The user may wait until the prompt has ended to initiate his verbal response or he may initiate it before the prompt has ended. If the user initiates his response before the prompt has ended, control unit 10 detects the condition and terminates the transmission of the prompt. There is a short period, however, during which both the verbal response of the user and the prompt echo signal are propagating together through the channel toward apparatus 10. When this composite signal reaches apparatus 10 it will be directed to echo cancellation unit 54 by double throw switch 37 and decision switch 82, wherein the prompt echo portion will be cancelled. The verbal response portion will then proceed to endpoint detection unit 52.
Endpoint detection unit 52 receives the echo free verbal response signal from echo cancellation unit 54 and determines the location of the endpoint of the signal. It then sends the verbal response signal and the endpoint information to speech recognition unit 50 for processing. Speech recognition unit 50 processes the verbal response signal under the control of control unit 30. It then communicates the content of the verbal response signal to control unit 30 in a form which the control unit understands. The control unit 30 reacts to the verbal response of the user by either sending another speech prompt to the user requesting more information or by performing the services requested by the user. After all of the requested services have been delivered to the user, the apparatus will disconnect from the user and await further requests.
If the signal received from the channel contains only a prompt echo portion with no accompanying verbal response portion, the prompt echo portion will still be cancelled in echo cancellation unit 54. The signal emerging from the echo cancellation unit 54 will be comprised primarily of channel noise and will be delivered to endpoint detection unit 52. Endpoint detection unit 52 will analyze the signal to determine that it contains no verbal response portion, and, as a result of this determination, will not send the signal to the speech recognition circuitry 50.
If decision unit 80 has decided that echo cancellation should not be performed, then any signal received from the channel will be sent directly to endpoint detection unit 52. These signals may still have a small prompt echo portion because echo cancellation was bypassed, but the level of the prompt echo portion should be low enough that it does not affect the operation of either the endpoint detection unit 52 or the speech recognition unit 50. These two units should operate substantially the same whether echo cancellation is being used or not.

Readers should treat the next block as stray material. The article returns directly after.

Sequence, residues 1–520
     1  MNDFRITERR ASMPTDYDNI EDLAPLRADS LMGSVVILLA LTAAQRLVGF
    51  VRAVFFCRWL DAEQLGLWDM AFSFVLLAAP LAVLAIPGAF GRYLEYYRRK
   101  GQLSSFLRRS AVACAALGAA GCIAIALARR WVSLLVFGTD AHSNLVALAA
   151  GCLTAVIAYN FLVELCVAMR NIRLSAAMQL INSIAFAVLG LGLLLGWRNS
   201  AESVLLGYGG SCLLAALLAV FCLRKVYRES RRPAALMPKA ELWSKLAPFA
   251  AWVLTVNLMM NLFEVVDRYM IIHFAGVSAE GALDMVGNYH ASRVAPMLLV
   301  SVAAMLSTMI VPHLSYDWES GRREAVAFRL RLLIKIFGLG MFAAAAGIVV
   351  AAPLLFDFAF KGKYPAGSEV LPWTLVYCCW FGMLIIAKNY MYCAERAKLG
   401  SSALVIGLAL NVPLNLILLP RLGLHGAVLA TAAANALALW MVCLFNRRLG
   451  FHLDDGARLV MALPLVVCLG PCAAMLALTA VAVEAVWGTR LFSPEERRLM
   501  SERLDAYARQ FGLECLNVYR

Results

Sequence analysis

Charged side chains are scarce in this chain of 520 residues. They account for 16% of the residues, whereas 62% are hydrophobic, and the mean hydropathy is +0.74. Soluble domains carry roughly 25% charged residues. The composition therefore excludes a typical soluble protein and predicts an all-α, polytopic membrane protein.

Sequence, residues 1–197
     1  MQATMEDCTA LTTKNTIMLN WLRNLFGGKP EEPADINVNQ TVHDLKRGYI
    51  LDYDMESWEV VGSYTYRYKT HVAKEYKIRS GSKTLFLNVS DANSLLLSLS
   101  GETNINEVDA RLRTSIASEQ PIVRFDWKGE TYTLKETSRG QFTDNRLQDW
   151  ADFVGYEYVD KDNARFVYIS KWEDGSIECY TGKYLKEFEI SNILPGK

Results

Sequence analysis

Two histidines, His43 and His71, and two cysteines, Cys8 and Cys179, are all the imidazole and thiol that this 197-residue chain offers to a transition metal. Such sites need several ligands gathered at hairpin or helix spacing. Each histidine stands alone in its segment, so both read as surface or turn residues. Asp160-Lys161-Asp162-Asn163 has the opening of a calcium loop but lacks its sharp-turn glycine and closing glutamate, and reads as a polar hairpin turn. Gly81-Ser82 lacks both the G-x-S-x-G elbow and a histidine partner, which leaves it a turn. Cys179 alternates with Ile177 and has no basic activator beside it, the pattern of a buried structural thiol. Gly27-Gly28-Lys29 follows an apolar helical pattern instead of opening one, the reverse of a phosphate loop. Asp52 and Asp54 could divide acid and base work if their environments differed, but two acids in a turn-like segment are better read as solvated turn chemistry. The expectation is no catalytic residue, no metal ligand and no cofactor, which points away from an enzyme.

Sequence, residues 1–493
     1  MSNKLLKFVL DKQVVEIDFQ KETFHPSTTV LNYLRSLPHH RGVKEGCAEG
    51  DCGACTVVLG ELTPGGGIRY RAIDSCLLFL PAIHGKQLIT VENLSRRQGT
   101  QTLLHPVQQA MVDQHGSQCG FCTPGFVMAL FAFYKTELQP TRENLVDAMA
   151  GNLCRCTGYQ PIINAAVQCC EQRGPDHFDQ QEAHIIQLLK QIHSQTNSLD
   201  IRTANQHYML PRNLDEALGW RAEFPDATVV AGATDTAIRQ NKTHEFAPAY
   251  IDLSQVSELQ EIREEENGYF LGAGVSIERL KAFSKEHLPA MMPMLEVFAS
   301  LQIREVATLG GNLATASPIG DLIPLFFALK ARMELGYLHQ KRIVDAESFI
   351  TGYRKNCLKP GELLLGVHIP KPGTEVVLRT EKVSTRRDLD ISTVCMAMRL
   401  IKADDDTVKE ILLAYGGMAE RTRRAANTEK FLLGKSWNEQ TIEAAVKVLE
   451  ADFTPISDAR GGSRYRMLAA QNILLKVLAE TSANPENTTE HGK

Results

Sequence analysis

In another embodiment of the present invention, an apparatus is provided which is capable of cancelling echoes created at more than one location in the telephone channel. Such an apparatus is useful when speech recognition services are to be provided from a location remote from the central office because this arrangement includes two hybrids in the telephone channel: one associated with the user and one associated with the apparatus. The hybrid associated with the user will create a far echo signal and the hybrid associated with the apparatus will create a near echo signal, both of which require cancellation. This embodiment includes all of the same components as the embodiment illustrated in FIG. 1 and, in addition, includes a second filter training circuitry and a second echo cancellation unit, both connected in series with the respective first units. The first echo cancellation unit receives its configuration data from the first filter training circuitry to cancel the near echo signal and the second echo cancellation unit receives its configuration data from the second filter training circuitry to independently cancel the far echo signal. Theoretically, this arrangement can be expanded to cancel echoes created from any number of sources.
Although the present invention has been described in conjunction with its preferred embodiment, it is to be understood that modifications and variations may be resorted to without departing from the spirit and scope of the invention as those skilled in the art readily understand. Such modifications and variations are considered to be within the purview and scope of the invention and the appended claims.
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|U.S. Classification||704/233, 704/E21.007, 714/718|
|International Classification||H04M3/00, G10L21/02, H04M3/493, H04B3/23|
|Cooperative Classification||H04B3/23, H04M3/493, H04M2201/40, H04M3/002, G10L2021/02082|
|European Classification||H04M3/00E, H04B3/23, H04M3/493|